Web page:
Large-scale immigration to the European Union has highlighted big differences in the way the 27 member states handle newcomers from non-EU countries.
African migrants risk their lives to reach the Canary Islands
The impetus for new EU-wide rules is fuelled by: the pace of globalisation; the need to attract more high-skilled workers as Europe's population ages and businesses struggle to compete; and an influx of illegal immigrants to Mediterranean countries.
European leaders have signed up to an immigration pact, paving the way for new laws to harmonise immigration policy in the EU. Yet it is an area where governments are often keen to retain a high degree of national control.
Is the EU failing to cope with illegal immigrants?
There are some real pressure points in the Mediterranean. Spain, Italy and Greece are struggling to manage large flows of illegal immigrants from developing countries, some of whom have grounds for claiming asylum.
The influx is a concern for other EU countries, as many illegal immigrants end up seeking work further north, in France and the UK, for example. There are an estimated eight million illegal immigrants in the EU, half of whom came in legally but overstayed.
This year, EU patrol boats have stopped more than 20,000 people trying to cross the Mediterranean from Africa, with record numbers reaching Malta and Sicily. Boatloads of African migrants continue to make the perilous journey to the Canary Islands, putting Spain's reception centres there under great strain.
Another area of concern is the EU's eastern border with the former Soviet Union. Despite enhanced border security, people traffickers regularly smuggle in migrants from the former Soviet Union and Asian countries, most of them fleeing poverty, but some also fleeing conflict and persecution.
Border checks are often minimal in the 24-nation Schengen zone, where passport-free travel is allowed.
Sweden says it received about 18,000 Iraqi asylum seekers in 2007 - more than half the total that entered the EU last year. Sweden has a well-established Iraqi community, but says other EU countries should take in a bigger share of Iraqis, who have mostly fled violence and poverty.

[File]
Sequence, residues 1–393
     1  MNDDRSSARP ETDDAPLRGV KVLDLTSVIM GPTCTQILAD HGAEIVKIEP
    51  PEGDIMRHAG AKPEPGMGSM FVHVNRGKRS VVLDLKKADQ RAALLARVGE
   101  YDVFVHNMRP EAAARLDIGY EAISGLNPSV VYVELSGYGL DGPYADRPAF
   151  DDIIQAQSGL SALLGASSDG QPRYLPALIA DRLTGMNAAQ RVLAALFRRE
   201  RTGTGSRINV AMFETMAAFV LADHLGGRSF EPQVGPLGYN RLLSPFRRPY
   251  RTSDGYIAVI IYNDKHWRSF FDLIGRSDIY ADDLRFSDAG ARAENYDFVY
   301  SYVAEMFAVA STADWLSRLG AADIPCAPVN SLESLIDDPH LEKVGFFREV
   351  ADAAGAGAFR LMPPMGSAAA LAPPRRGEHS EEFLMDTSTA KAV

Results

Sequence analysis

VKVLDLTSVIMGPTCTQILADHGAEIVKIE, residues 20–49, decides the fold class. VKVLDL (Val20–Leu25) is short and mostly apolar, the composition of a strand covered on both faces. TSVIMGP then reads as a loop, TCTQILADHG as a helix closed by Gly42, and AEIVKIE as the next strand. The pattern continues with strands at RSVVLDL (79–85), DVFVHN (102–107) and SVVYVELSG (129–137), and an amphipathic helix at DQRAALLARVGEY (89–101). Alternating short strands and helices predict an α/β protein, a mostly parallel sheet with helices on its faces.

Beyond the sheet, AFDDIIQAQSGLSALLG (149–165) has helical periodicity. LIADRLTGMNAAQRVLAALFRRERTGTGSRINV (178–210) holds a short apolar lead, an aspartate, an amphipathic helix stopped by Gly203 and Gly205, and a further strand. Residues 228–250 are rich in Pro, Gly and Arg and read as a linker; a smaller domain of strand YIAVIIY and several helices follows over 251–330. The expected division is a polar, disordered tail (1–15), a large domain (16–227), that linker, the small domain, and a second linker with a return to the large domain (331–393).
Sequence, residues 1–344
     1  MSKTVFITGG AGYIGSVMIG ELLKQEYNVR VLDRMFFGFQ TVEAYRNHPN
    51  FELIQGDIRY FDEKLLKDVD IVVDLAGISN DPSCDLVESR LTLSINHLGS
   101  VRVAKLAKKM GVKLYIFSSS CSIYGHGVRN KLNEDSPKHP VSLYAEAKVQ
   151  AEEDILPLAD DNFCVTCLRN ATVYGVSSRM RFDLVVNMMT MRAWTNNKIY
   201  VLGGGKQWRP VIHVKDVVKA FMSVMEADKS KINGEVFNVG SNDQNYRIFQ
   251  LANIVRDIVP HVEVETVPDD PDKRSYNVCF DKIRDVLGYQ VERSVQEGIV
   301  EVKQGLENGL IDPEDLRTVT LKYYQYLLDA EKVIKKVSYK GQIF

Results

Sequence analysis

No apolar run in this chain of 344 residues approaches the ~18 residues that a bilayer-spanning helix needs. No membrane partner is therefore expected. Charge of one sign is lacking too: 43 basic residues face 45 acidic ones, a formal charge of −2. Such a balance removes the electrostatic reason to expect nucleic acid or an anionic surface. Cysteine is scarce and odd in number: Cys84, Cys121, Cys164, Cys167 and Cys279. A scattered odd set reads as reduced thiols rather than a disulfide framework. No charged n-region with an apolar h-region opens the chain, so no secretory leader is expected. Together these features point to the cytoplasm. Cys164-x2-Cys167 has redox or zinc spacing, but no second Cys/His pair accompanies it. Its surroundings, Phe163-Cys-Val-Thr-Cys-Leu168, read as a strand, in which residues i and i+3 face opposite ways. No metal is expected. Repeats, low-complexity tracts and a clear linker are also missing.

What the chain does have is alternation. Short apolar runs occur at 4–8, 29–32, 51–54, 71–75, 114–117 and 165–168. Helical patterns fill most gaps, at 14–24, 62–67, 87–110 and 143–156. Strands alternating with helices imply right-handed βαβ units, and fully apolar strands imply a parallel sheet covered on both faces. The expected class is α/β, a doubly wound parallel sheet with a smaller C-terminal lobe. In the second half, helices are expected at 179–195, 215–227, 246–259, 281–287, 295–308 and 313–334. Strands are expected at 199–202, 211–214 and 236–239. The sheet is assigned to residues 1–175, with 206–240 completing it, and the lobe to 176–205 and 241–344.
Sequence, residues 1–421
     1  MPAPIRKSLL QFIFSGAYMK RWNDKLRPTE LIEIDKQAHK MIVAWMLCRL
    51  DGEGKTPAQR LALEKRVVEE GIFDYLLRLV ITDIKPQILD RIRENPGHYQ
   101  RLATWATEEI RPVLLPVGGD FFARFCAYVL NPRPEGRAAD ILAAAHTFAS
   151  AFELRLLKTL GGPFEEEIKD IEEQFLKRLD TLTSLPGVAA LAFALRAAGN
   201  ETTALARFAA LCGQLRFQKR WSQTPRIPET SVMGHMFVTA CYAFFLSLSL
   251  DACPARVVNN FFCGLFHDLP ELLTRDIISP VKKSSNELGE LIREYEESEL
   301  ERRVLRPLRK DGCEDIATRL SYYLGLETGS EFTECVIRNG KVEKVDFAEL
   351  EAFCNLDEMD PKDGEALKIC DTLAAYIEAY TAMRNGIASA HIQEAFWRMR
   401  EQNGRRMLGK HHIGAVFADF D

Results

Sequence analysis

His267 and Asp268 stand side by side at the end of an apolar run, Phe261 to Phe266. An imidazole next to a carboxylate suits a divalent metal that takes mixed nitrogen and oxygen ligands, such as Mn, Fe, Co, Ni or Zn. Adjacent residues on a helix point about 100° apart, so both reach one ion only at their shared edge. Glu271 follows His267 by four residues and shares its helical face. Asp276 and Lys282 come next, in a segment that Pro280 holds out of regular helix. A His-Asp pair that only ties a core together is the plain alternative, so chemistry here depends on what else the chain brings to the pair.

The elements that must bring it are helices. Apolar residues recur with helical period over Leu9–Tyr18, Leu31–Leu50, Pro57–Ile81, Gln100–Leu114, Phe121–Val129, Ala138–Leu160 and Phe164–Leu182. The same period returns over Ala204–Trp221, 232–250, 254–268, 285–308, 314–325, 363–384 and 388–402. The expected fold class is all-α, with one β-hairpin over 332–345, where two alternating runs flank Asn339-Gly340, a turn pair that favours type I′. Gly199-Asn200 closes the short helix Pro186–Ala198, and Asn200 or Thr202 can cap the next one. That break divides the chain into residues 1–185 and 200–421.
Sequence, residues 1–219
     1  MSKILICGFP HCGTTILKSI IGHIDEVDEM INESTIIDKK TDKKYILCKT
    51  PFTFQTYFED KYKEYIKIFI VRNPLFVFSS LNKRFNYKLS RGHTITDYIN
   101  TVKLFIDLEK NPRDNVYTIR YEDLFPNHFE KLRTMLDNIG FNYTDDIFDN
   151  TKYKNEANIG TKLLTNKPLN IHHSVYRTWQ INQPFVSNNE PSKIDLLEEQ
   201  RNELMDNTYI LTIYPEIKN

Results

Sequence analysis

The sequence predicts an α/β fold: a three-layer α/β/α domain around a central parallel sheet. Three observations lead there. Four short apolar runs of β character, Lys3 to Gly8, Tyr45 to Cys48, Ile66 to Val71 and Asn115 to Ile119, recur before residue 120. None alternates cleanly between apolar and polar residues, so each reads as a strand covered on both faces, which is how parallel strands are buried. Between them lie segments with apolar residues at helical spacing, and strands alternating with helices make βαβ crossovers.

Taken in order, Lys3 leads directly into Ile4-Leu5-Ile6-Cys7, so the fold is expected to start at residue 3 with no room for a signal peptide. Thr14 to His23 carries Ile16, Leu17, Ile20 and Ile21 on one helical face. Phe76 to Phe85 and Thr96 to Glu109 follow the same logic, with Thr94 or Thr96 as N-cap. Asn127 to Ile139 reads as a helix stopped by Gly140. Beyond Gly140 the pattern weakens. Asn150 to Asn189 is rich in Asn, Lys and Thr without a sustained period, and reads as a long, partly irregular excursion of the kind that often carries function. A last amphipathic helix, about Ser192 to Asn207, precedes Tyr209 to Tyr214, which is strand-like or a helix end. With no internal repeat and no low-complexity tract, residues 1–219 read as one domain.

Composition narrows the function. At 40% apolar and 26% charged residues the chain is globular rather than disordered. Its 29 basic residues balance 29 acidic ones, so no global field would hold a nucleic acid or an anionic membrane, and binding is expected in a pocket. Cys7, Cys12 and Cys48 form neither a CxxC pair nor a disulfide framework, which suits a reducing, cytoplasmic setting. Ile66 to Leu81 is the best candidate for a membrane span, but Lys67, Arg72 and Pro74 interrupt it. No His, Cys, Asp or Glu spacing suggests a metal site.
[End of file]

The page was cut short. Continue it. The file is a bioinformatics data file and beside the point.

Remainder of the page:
Italy's new right-wing government has launched a high-profile crackdown on illegal immigrants, mainly targeting Roma (Gypsies) living in squalid camps on the outskirts of major cities. Some of the measures - like fingerprinting children - have been strongly criticised at the EU.
How will the immigration pact change things?
The pact itself will have political rather than legal force - but related EU directives are likely to enshrine some of the principles in law.
The pact says the EU "does not have the resources to decently receive all the migrants hoping to find a better life here".
It says it is "imperative that each member state take account of its partners' interests when designing and implementing its immigration, integration and asylum policies".
It will make it harder for member states to grant mass amnesties for illegal migrants. In 2005 Spain granted an amnesty for about 700,000 illegal immigrants. By filling many jobs that Spaniards were unable or unwilling to take, migrants contributed to Spain's economic boom - before it was derailed by the credit crunch. But Spain's move was criticised by some of its neighbours, notably France. The new pact calls for "case-by-case regularisation, rather than generalised regularisation".
The pact says illegal immigrants must return to their countries of origin or to a country of transit. To that end, EU co-operation with those countries is to be enhanced, including strengthening of border controls.
The pact contains a pledge to beef up the EU's new border control agency Frontex, which has been hampered by insufficient resources.
What new measures are envisaged for illegal immigrants?
A "return" directive has been approved by the European Parliament and is expected to become law in two years' time.
It will apply across the EU, except in the UK and Ireland, which have not opted in to this area of Community law. The UK government does not believe the directive will make returning illegal immigrants any easier.
The EU legislation will apply only once a decision has been taken to deport an illegal immigrant - it is still up to each member state to decide whether it wishes to accept or deport the immigrant.